The gaping hole of reality
According to Chavez things in Venezuela have never been better.
Never mind that his goverment is missing the opportunity of using oil money to remedy delayed maintenance to the country’s long-neglected infrastructure. The Caracas-La Guaira viauct is in danger of collapsing, because it’s being displaced by land movements. Some of the highways are impassable due to ground water saturation (both links in Spanish). Now there’s a sinkhole in the main highway, the Autopista Regional del Centro. The Devil’s Excrement explains,
To give you a perspective of how big the hole is, it covers both sides of the highway including four lanes and two parking lanes.
A picture’s worth a thousand words: Behold,
El Nacional newspaper has more (in Spanish).
While all these groundwater problems would give pause to the average person, Chavez is quoting mass-murderer Che Guevara, “saying the revolution needs efficiency to succeed“, and is looking at adobe houses,
Taking the example of building adobe houses to express his frustration, the President says he’s happy to see adobe being used to solve the housing problems of 71 families but is not convinced because of the current speed of construction.
Adobe construction, normally used in very arid climates, is not what one would recommend to a country with a history of floods.
While the Cuban national news agency announces that Venezuela and Cuba Include US Poor in Eyesight Program
Chavez said patients from the US were also being included since the Bush administration continues to exclude a sizeable portion of the population from health care.
Hugo ignores the fact that Medicaid and Medicare cover eye surgery, but my question is, just who are the “poor” American patients that have enough money to travel to Cubazuela for that, but no money to pay an AMA-qualified specialist? Do they even exist?
Nonetheless, as far as efficiency goes, The Economist’s article Using oil to spread revolution points out,
All the same, Mr Chávez’s successes are fragile ones. For one thing, it is hard to see what tangible benefits Venezuelans derive from this diplomacy. Mr Chávez has alienated both of his country’s main trading partners, the United States and Colombia. Oil revenues are increasingly being spent without democratic scrutiny. A once-professional diplomatic service has been turned into a branch of the revolution, its dissidents either purged or neutralised. And although the alliance with Cuba has brought new social programmes, their cost and long-term benefits are hard to determine. Despite the oil boom, unemployment officially stands at 11%.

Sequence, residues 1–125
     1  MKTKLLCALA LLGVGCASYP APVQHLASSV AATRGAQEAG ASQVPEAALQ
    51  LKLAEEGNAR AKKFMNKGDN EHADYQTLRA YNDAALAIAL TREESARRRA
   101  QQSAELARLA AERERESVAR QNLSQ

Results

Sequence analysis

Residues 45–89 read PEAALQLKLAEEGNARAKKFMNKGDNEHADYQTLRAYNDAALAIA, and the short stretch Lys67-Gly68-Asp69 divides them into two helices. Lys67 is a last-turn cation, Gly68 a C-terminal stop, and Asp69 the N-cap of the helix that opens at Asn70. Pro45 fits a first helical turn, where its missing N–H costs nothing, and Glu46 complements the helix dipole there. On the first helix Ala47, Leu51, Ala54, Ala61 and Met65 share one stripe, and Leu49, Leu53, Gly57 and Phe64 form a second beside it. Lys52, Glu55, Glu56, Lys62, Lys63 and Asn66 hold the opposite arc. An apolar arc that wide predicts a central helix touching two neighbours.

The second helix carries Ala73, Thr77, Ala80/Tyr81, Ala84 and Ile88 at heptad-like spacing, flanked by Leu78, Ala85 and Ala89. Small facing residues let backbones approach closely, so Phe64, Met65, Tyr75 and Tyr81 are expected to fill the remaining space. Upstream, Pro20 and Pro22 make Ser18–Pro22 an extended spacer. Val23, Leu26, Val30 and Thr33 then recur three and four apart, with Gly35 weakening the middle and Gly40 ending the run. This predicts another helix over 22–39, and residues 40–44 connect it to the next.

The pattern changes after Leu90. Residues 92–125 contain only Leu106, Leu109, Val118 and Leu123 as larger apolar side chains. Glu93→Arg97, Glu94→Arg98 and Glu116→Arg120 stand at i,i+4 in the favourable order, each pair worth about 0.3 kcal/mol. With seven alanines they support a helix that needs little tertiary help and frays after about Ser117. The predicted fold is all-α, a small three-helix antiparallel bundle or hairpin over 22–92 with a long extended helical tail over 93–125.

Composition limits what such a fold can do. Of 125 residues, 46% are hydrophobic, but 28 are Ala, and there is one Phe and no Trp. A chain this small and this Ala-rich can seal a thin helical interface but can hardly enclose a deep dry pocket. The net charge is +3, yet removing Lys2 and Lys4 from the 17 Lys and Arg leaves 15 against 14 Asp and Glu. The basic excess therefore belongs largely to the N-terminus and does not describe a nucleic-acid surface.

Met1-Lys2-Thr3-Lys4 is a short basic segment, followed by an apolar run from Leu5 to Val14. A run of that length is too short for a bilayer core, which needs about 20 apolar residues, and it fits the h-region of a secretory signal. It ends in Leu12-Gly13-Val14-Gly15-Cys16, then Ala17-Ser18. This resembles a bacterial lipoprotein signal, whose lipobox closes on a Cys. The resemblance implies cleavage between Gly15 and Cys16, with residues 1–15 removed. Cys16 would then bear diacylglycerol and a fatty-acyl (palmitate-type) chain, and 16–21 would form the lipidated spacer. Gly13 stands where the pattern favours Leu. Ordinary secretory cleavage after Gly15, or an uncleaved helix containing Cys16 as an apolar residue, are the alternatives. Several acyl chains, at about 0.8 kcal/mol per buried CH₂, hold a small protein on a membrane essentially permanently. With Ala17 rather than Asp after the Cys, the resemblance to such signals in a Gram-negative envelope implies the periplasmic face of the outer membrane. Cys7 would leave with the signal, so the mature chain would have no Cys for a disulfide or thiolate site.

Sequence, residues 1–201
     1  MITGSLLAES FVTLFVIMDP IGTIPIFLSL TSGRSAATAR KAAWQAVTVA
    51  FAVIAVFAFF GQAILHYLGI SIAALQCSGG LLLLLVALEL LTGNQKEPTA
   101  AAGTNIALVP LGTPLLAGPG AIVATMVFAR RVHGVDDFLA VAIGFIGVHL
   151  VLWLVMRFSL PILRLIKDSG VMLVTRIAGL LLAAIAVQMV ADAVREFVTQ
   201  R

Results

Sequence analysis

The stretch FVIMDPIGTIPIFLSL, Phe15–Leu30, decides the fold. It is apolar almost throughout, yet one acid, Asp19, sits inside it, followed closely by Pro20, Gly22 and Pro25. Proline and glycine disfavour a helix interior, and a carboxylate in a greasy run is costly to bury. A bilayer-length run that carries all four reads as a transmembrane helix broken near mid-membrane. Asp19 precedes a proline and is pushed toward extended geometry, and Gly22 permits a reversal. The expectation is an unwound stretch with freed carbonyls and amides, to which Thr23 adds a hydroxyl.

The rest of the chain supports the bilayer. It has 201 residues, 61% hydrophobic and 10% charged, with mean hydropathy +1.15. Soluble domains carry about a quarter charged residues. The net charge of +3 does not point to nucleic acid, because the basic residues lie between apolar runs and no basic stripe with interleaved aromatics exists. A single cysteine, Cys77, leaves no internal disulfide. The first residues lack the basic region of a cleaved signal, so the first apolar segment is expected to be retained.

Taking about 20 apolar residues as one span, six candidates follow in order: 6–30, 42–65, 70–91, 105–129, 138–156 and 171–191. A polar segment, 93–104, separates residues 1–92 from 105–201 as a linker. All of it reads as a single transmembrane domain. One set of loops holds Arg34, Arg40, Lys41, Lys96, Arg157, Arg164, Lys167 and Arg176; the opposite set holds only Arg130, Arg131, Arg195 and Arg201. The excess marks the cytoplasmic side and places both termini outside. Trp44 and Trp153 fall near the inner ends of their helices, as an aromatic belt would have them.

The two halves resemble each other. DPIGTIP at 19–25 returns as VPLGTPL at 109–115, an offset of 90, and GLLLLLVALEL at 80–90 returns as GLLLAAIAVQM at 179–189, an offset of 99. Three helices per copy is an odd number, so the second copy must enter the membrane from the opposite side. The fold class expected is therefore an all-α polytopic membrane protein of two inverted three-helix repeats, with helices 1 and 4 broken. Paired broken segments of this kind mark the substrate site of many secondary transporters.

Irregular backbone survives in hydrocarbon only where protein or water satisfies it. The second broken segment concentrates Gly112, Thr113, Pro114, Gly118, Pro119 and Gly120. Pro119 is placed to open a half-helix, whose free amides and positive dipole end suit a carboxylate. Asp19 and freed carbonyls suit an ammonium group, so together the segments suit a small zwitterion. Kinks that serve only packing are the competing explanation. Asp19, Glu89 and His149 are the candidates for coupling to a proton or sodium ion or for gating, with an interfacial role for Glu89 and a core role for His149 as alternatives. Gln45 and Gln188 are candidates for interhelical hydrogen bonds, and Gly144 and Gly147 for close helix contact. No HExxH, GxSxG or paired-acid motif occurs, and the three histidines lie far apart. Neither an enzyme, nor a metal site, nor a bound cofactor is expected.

There are also limits to the region’s tolerance of chavista expansionism. Only Cuba has signed up for ALBA. The richer Caribbean countries are unenthusiastic about Petrocaribe. Petrosur and Petroandina feature much rhetoric and little action. Cuba apart, no other country shares Mr Chávez’s distaste for representative democracy, or his disdain for regional bodies such as the Inter-American Commission on Human Rights.
In a setback for Mr Chávez, on July 27th the Inter-American Development Bank, the region’s largest official lender, chose as its new president Luis Alberto Moreno, Colombia’s ambassador to Washington who was discreetly backed by Mr Bush. Mr Moreno easily defeated candidates from Brazil and Venezuela.
Argentine officials have welcomed imports of fuel from Venezuela, and its help in making contacts with China, but they are cooling towards Mr Chávez. Were evidence to emerge of his hand in Bolivia’s turmoil, South America would become even warier. Should Lula’s troubles deny him a second term, Brazil is likely to move to the centre-right, shifting the regional balance. The death of Mr Castro, who is 78 and frail, would be a body blow to Mr Chávez. So, of course, would a fall in oil prices.
Speaking of having alienated neighbors, Colombia blocked Fidelugo-TV Telesur’s broadcasts this week. With characteristic tact, the official Venezuelan government news website regards this move as The 4GW (4th generation war) has shot a cannonball across the bows of South American TV station, Telesur. The Miami Herald says Fidelugo-TV “has already proved better at making the news than reporting it.”
(If you wonder what the hey is a “4th Generation war” is, here’s a link)
The Bolivarian revolution rolls right along, though. Castro’s attendance at the graduating military class in Venezuela was cancelled since the graduating class quit rather than have him as a sponsor. Now Fidel Castro Presides Over Venezuela Military Graduation, but this time in Havana, not in Venezuela*.
President Castro called this decision of the Venezuelan military academic institution spontaneous and unexpected, something unimaginable only a few years ago, and he accepted it in the name of the Cuban people.
It all goes down the gaping hole of reality, folks.
Update I’m guest-blogging at Babalu, too!
Update 2: * Aleksander Boyd: “All doubts as to who’s in charge of Venezuela have dissapeared this day”.